Page updated on 10-23-2017

stripping tamiya laquer


carnut04
08-21-2004, 10:52 PM
i used csc to strip the tamiya laquer, and i soaked the body for about a week but barely anything came off. i was wondering if there i was anything i could use to strip it.
Thanks

freelunch
08-21-2004, 11:00 PM
Use Easy-Off Heavy Duty oven cleaner. Just spray it thoroughly and place the painted part in a covered container overnight. Scrub with a paintbrush to remove the paint. If anythings left over, just rinse with water and repeat.

Use gloves BTW, and do it outside cuz easy off fumes seem to enjoy devouring mucous membranes.

JTRACING
08-21-2004, 11:02 PM
stripping any laquer is a real pain in the a$$, it the hardest paint to strip. i use brake fluid, and let it sit in a tub of it for a few days, and then scrub it with brush, and it comes off.

ZoomZoomMX-5
08-21-2004, 11:10 PM
Why is everyone still resorting to chemical warfare? :sly:

Go to the pharmacy part of the store (drug store, Wal Mart, whatever), pick some 91% (or sometimes 99%) Isopropyl Rubbing alcohol. Only 78 cents a bottle at Wal Mart. Get four or five bottles.

It will strip lacquers and enamels and acrylics. And it's far safer than CSC, oven cleaner, brake fluid...whatever. Put it in a sealed container, as it evaporates quickly. It takes a bit longer to get primer, but it will. :smile:

Results vary, but some have reported paint sheeting off in half an hour, tough jobs might go overnight.

freelunch
08-21-2004, 11:31 PM
Oh yeah, forgot about isopropyl alcohol! I tried doing an acrylic wash with alcohol as thinner and ripped up my paintjob :mad:

MPWR
08-22-2004, 02:54 PM
Why is everyone still resorting to chemical warfare? :sly:

Go to the pharmacy part of the store (drug store, Wal Mart, whatever), pick some 91% (or sometimes 99%) Isopropyl Rubbing alcohol. Only 78 cents a bottle at Wal Mart. Get four or five bottles.

It will strip lacquers and enamels and acrylics. And it's far safer than CSC, oven cleaner, brake fluid...whatever. Put it in a sealed container, as it evaporates quickly. It takes a bit longer to get primer, but it will. :smile:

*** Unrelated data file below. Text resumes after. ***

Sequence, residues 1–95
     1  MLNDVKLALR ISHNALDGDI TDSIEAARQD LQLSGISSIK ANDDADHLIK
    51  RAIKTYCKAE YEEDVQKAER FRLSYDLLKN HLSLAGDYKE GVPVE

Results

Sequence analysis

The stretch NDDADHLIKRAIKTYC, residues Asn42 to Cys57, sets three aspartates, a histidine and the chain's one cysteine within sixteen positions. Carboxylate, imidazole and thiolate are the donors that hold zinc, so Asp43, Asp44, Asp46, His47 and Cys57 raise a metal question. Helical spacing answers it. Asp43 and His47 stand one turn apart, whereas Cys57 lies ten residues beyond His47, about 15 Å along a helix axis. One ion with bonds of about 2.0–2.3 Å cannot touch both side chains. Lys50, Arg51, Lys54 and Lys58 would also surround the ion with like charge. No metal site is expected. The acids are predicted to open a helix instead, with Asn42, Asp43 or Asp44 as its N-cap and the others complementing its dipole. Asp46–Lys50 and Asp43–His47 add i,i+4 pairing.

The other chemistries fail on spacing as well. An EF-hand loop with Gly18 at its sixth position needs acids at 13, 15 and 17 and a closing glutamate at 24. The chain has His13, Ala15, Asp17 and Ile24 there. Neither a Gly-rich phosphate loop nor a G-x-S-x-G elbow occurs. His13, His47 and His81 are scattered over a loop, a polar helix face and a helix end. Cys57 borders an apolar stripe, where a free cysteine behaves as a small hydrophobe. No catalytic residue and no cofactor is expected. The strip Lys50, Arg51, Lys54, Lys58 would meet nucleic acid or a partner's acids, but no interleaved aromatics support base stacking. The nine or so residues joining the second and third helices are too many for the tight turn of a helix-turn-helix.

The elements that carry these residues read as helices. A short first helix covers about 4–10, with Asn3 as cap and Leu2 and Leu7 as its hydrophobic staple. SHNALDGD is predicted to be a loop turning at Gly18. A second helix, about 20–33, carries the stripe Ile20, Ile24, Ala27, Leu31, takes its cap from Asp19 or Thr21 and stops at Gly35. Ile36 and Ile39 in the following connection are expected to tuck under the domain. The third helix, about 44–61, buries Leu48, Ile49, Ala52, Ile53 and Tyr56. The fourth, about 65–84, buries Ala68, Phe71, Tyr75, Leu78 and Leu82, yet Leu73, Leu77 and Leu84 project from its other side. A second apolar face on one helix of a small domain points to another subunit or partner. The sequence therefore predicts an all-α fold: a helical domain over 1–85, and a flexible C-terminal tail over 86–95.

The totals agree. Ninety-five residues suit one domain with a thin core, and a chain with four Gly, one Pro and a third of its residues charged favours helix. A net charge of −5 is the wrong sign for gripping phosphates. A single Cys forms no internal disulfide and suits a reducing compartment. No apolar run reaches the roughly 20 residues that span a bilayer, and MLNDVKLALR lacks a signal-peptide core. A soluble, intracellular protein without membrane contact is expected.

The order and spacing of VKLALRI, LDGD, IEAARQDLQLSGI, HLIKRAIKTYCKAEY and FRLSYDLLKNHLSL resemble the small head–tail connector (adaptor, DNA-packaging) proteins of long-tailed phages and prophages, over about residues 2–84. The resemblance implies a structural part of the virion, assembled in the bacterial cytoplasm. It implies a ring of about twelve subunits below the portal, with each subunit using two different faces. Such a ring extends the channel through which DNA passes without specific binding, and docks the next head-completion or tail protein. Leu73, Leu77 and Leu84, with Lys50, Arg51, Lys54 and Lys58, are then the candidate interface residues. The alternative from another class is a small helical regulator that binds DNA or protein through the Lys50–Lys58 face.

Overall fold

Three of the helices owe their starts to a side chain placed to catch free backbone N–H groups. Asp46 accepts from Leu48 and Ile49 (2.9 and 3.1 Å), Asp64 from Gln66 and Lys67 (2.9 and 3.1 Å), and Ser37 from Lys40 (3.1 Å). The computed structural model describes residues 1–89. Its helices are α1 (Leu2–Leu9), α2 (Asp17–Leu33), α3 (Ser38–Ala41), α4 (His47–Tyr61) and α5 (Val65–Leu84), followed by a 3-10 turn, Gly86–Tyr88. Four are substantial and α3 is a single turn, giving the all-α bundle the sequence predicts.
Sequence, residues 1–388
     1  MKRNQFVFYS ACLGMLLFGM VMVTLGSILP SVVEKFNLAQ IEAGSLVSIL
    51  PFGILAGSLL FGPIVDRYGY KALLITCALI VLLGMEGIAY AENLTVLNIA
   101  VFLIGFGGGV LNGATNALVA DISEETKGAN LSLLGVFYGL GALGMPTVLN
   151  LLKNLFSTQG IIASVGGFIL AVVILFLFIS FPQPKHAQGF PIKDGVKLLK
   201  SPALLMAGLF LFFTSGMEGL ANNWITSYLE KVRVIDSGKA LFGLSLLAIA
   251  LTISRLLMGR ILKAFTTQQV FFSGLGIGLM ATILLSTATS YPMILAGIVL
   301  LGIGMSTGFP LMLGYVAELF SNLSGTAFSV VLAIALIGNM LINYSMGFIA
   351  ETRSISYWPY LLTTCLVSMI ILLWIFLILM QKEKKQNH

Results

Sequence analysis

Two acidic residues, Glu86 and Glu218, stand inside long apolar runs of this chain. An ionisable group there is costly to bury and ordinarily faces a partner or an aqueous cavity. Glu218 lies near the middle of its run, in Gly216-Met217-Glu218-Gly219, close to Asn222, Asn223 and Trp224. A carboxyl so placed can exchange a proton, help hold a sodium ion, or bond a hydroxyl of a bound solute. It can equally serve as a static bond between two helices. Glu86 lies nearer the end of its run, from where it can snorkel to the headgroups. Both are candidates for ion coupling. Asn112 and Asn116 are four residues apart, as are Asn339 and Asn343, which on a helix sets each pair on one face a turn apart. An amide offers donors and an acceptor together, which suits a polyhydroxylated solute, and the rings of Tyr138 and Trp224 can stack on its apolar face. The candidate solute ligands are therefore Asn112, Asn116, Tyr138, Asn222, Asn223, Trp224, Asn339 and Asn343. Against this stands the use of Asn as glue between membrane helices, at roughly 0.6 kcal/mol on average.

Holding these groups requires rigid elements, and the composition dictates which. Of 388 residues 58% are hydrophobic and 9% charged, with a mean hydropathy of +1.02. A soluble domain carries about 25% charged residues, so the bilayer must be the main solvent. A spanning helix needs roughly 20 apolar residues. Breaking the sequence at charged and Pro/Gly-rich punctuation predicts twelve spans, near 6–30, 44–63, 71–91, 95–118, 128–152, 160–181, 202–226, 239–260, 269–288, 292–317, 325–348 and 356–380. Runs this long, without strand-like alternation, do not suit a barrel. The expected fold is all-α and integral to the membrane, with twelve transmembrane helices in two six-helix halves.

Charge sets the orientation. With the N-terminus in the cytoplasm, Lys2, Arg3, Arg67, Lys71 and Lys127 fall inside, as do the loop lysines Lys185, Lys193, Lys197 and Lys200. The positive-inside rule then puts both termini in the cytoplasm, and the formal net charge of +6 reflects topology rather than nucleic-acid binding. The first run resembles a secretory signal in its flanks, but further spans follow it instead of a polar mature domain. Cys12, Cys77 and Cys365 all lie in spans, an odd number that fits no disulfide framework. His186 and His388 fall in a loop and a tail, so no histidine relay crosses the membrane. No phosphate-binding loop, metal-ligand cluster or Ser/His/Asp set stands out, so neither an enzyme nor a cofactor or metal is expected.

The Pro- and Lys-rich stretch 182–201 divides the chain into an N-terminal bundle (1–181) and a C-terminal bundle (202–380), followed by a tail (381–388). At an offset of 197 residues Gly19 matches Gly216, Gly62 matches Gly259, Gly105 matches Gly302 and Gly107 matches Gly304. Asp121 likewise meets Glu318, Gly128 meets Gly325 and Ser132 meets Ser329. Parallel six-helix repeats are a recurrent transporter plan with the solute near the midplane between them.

Results vary, but some have reported paint sheeting off in half an hour, tough jobs might go overnight.

I cannot agree more. 91/99% ispropyl is the only way I strip laquers. sometimes it takes a bit of scrubbing with a toothbrush, but it will most definately strip Tamiya laquers- primer too, down to the plastic.

And I don't have to worry about poisoning myself!

bvia
08-22-2004, 07:30 PM
I cannot agree more. 91/99% ispropyl is the only way I strip laquers. sometimes it takes a bit of scrubbing with a toothbrush, but it will most definately strip Tamiya laquers- primer too, down to the plastic.

And I don't have to worry about poisoning myself!

IPA IS poison..so don't go trying to lick the paint off and don;t use your regular toothbrush either... :evillol:

Otherwise...thanks for the tips on the IPA guys! I'm afraid it'll come in handy...

ImolaEK
11-05-2004, 01:19 PM
I apologize for bringing up an old thread. But im debating on wether using DOT3 or Isopropyl Alcohol. Will this alcohol damage paint or leave any non friendly substances on the plastic? Is it easier to use than DOT3/DOT4?

Thanks!

PS: Will this strip Dupli Color Automotive Paints?

ImolaEK
11-05-2004, 01:31 PM
Will this one work for my Dupli Color paints. Its 70%, should i buy the 90% or keep this?

http://files.automotiveforums.com/gallery/watermark.php?file=/503/73957DSC08623.JPG

CADguy
11-05-2004, 02:53 PM
Will this one work for my Dupli Color paints. Its 70%, should i buy the 90% or keep this?

The 70% stuff will work, it just may require more soak time than the 90% stuff. Make sure you soak it in a container with a lid! Or you will come back in an hour with 1/2 the liquid you originally had and a room full of alcohol vapor. (and of course I'm not speaking from experience here :) )

At $1 or less per bottle, you may want to get the 90% next time..
The 90% stuff works well for thinning Tamiya acrylics for airbrushing too.
It's all I ever use..

ImolaEK
11-05-2004, 04:16 PM
Like this?

http://files.automotiveforums.com/gallery/watermark.php?file=/503/73957DSC08626.JPG

91% Isopropyl Alcohol...Didn't say Rubbing but im guessing thats just an extra word. Fill the container all the way?

ImolaEK
11-06-2004, 12:20 AM
Ok so its stripping very slowly. Its been 7 hours and the thing still has some spots where the paint is strong. Will DOT3/DOT4 be faster? Because this is taking forever and ever :naughty:

ImolaEK
11-06-2004, 04:33 PM
Well to test the speeds of which dissolved the paint quicker i bought some DOT3 Brake fluid and placed another model in there. So far the DOT3 is working quicker.

http://www.we-todd-did-racing.com/wetoddimage.wtdr/wNjM2Nzc1NnM0MTNkZmQzMXk1NDE%3D.jpg
http://www.we-todd-did-racing.com/wetoddimage.wtdr/wNjM2Nzc2NnM0MTNkZmQzMXk1NDE%3D.jpg

SteveK2003
11-07-2004, 04:56 PM
I haven't used isopropyl alcohol but I have used brake fluid on enamel and acrylic, and it worked well on both. But it smells horrible and is probably a lot worse for you than alcohol is.

If alcohol really works for stripping paint, I will definitely make the switch, just to not have to deal with all that chemical mess. Plus I can just let it evaporate when it's used up, instead of having to properly dispose of brake fluid.

Whichever you use, give it time to work on the paint: The longer it sits, the more is disolves, and the less work you have to do to clean it up.

If you do use brake fluid, keep it in an air-tight container: Leaving it open will weaken it's stripping ability, and it gets weaker over time even if you only open it to access your parts.

Add your comment to this topic!